EBC Site Remediation & Redevelopment Program: Considering Green Remediation in Site Cleanup Under the New MCP
Changes may be afoot in the way remedial strategies are chosen at Massachusetts sites. Proposed changes to the regulations governing site cleanup under state cleanup law, M.G.L. c. 21E, would require all decisions on cleanup of contaminated sites to consider “reducing, to the extent practicable, non-renewable energy use, air pollutants, greenhouse gas emissions, and ecosystem and water resources impacts … through materials management, waste reduction, land management, ecosystem protection and renewable energy use.” When potential environmental impacts of a remediation project are considered, along with achievement of the remedial objectives, it is often referred to as “green remediation”.
The proposed regulatory change dovetails with other initiatives being pursued by Massachusetts Department of Environmental Protection (MassDEP) and other state agencies. In November 2011, the MassDEP, the Massachusetts Department of Energy Resources, and the Massachusetts Clean Energy Center launched the Clean Energy Results Program (CERP). CERP has been described as an innovative initiative to advance environmental protection by encouraging the integration of renewable energy and energy efficiency elements into the design of new or modified facilities where state programs have influence or authority. For MassDEP’s waste site cleanup program, this means the promotion and implementation of green remediation at cleanups regulated by the Massachusetts Contingency Plan (MCP, 310 CMR 40.0000).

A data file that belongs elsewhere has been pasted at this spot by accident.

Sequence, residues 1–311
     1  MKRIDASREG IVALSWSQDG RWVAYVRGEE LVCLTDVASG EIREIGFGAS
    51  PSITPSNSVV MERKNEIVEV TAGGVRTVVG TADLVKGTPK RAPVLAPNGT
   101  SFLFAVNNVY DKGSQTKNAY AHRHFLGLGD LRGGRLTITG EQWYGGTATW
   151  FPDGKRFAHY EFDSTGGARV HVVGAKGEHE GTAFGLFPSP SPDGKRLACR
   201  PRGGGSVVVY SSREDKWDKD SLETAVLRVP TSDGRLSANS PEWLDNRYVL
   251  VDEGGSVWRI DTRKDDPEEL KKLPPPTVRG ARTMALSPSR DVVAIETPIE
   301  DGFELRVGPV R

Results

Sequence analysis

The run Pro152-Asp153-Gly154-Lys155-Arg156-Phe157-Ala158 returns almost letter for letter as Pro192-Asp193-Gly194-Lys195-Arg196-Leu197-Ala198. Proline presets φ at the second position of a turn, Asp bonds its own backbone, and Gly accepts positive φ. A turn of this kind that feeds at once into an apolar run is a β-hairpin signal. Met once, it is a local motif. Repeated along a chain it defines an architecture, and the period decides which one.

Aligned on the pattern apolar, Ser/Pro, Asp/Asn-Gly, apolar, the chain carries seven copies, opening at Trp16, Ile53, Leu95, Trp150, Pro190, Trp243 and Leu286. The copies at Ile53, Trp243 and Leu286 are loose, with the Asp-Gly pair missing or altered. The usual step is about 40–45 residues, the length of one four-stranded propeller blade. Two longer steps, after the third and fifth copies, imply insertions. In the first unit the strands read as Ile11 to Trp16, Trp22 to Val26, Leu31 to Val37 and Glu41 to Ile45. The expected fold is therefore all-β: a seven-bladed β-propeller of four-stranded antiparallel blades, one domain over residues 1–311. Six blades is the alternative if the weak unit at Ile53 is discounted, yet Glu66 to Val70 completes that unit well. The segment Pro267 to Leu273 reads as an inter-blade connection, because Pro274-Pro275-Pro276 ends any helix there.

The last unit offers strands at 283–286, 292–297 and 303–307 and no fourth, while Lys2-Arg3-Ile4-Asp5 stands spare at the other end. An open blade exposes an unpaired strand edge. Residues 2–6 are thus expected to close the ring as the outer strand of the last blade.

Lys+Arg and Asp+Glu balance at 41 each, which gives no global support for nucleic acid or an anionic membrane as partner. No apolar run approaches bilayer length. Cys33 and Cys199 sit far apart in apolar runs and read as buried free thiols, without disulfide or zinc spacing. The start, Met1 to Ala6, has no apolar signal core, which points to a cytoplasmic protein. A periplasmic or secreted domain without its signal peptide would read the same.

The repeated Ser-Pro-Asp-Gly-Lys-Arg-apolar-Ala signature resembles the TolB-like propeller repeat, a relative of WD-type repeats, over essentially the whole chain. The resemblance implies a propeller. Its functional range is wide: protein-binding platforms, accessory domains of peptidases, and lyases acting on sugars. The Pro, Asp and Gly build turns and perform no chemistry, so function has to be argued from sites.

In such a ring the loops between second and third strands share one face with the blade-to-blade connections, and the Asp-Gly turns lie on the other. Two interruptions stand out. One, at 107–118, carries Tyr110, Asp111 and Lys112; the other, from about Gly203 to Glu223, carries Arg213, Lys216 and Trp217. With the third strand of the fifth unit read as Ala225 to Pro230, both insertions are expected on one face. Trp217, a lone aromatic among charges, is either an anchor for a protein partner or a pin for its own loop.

While the proposed change is not yet regulation, it provides an opportunity to consider how this could affect waste site cleanup in Massachusetts, and how practitioners could prepare for this change. We will hear:
- From a representative of MassDEP why this was proposed, how it will be implemented, and what benefits MassDEP hopes to realize as a result.
- From Licensed Site Professionals and others involved in site cleanup decisions whether this will change their approach, how they will integrate this into their decision-making, how this will affect the technology they use in the field, and whether there are gaps in knowledge or technology that need to be addressed.
Continuing Education Certificates are awarded by the EBC for this program (2.5 training contact hours). Please select this option during registration if you wish to receive a certificate.
Jeanine Grachuk, Esq.
Of Counsel, Beveridge & Diamond, P.C.
- Thomas M. Potter, Chief, Clean Energy Development Coordinator, MassDEP Bureau of Waste Site Cleanup
- J. Andrew Irwin, P.E., LSP, President, IRWIN Engineers, Inc.
- Michael E. MIller, Ph.D., Principal Environmental Chemist, CDM Smith
- James Doherty, Ph.D., P.E., LSP, Senior Project Manager, Nobis Engineering, Inc.
The electricity for this EBC event has been matched with 100% local wind power through New England Wind, a program of Mass Energy Consumers Alliance. You can green your electricity too! Visit www.massenergy.org.